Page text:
Who is representing the church and respondent (defendant)?
The Rev. Thomas Lambrecht, pastor of Faith Community Church in Greenville, Wis., is the counsel for the church at the request of Bishop Linda Lee. Lambrecht is also a board member of Good News, an unofficial evangelical caucus in the denomination, and will begin working for the group in July.
The Rev. Scott Campbell, pastor of Harvard-Epworth United Methodist Church in Cambridge, Mass., is the counsel for DeLong, the respondent. He is a member of the Reconciling Ministries Network, an unofficial caucus advocating for greater inclusion of gays and lesbians in the church.
How are the members of the trial court selected?
The 13 members and two alternates are chosen by the presiding officer — with input from the counsels for the respondent and the church — from a pool of Wisconsin Conference clergy. The Book of Discipline specifies that at least 35 pastors must be named to the jury pool. The bishop’s cabinet — the district superintendents — recommends the names for the pool. Special consideration is given to ensuring that the pool is diverse in terms of race, ethnicity and gender. The counsel for each side has up to four peremptory challenges, as well as unlimited challenges for cause. The alternates will sit as observers and will be prepared to serve if one or two of the original jurors are unable to sit.
What are the possible outcomes of the trial?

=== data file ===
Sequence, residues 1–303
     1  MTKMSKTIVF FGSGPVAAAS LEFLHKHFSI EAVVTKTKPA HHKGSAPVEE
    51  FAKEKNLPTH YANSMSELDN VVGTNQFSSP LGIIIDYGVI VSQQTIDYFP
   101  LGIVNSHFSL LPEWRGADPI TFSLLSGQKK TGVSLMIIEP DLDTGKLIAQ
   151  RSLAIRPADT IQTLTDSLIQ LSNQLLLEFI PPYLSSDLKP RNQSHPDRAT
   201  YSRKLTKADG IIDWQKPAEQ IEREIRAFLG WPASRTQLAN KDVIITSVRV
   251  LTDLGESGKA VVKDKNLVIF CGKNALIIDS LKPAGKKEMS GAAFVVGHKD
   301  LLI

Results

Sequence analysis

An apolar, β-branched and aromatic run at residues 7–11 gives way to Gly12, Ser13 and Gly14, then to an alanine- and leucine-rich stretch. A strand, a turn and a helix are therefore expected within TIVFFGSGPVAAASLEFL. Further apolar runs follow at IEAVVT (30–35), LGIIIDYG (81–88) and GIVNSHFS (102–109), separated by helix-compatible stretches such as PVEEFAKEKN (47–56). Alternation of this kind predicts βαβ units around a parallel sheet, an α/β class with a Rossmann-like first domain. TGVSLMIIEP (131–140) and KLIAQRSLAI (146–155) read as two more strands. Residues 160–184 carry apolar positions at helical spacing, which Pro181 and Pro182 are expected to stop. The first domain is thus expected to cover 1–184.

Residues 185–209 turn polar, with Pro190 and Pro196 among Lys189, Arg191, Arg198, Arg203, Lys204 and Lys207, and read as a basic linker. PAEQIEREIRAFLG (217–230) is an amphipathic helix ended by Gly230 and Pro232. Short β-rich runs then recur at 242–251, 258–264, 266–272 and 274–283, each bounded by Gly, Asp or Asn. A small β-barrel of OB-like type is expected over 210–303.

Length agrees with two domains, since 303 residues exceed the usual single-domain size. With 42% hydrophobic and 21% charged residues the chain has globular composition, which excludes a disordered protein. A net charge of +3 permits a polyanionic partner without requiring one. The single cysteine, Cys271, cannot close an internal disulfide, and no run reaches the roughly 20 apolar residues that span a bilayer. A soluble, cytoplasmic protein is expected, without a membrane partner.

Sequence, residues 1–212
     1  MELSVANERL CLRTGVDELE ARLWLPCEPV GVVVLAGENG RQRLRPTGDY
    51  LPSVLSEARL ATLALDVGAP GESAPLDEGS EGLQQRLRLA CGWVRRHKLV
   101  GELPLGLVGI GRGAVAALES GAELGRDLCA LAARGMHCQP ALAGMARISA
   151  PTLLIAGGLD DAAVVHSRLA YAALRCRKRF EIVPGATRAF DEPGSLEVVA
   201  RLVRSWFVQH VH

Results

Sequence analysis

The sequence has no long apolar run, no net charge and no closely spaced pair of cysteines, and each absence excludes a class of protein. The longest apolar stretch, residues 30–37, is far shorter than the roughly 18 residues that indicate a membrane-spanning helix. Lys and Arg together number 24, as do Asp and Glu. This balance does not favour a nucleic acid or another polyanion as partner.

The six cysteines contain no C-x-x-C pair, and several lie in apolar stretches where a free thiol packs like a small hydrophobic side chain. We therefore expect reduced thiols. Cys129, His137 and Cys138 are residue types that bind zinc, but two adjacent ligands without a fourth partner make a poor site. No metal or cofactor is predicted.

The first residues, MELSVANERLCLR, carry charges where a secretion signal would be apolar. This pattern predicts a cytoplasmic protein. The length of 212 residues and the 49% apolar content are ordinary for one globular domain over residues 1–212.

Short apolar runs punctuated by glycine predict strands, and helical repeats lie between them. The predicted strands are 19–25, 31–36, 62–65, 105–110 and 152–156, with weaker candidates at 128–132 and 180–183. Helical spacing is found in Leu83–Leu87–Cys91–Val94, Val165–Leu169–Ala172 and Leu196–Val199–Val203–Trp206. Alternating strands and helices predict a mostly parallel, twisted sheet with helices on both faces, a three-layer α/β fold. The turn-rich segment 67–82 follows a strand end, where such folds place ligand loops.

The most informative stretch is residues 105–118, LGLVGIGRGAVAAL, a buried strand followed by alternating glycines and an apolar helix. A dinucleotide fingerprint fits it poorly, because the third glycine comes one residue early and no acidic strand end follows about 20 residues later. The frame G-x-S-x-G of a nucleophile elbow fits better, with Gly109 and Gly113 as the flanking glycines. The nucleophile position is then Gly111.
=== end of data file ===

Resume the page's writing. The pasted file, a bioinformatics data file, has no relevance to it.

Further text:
No person can predict the outcome. This is in the hands of the jury. With a guilty verdict, the trial court would have a range of penalties to consider, including the removal of ministerial orders or a lesser penalty. While at least nine votes are needed to convict, seven votes by the trial court are necessary to set the penalty.
What happens during the trial?
Bishop Linda Lee will convene the trial and then, by the Book of Discipline, she leaves the proceedings. The presiding officer acts as the judge during the trial but has no authority to determine guilt or innocence. The counsel for the church represents the church. The counsel for the respondent represents the person on trial. The trial begins with the selection of the jury as described above. Once selected, both sides of the trial present their case and can question witnesses. This is followed by the deliberation of the jury and a determination of guilt or innocence, and other possible outcomes. If found guilty, the respondent can appeal to the Committee on Appeals of the Jurisdictional Conference.
Will the trial be open to the public?
Yes. The Book of Discipline provides for open court proceedings at the request of the respondent. However, seating will be limited. No cameras or audio or video recording equipment will be allowed in the courtroom.
Where can I find out more information about the Book of Discipline and the United Methodist judicial process?
Refer to these links:
The 2008 Book of Discipline — Judicial Administration
GCFA Administration and Judicial Procedures Handbook
News media contact: Heather Hahn, Nashville, Tenn., (615) 742-5470 or firstname.lastname@example.org.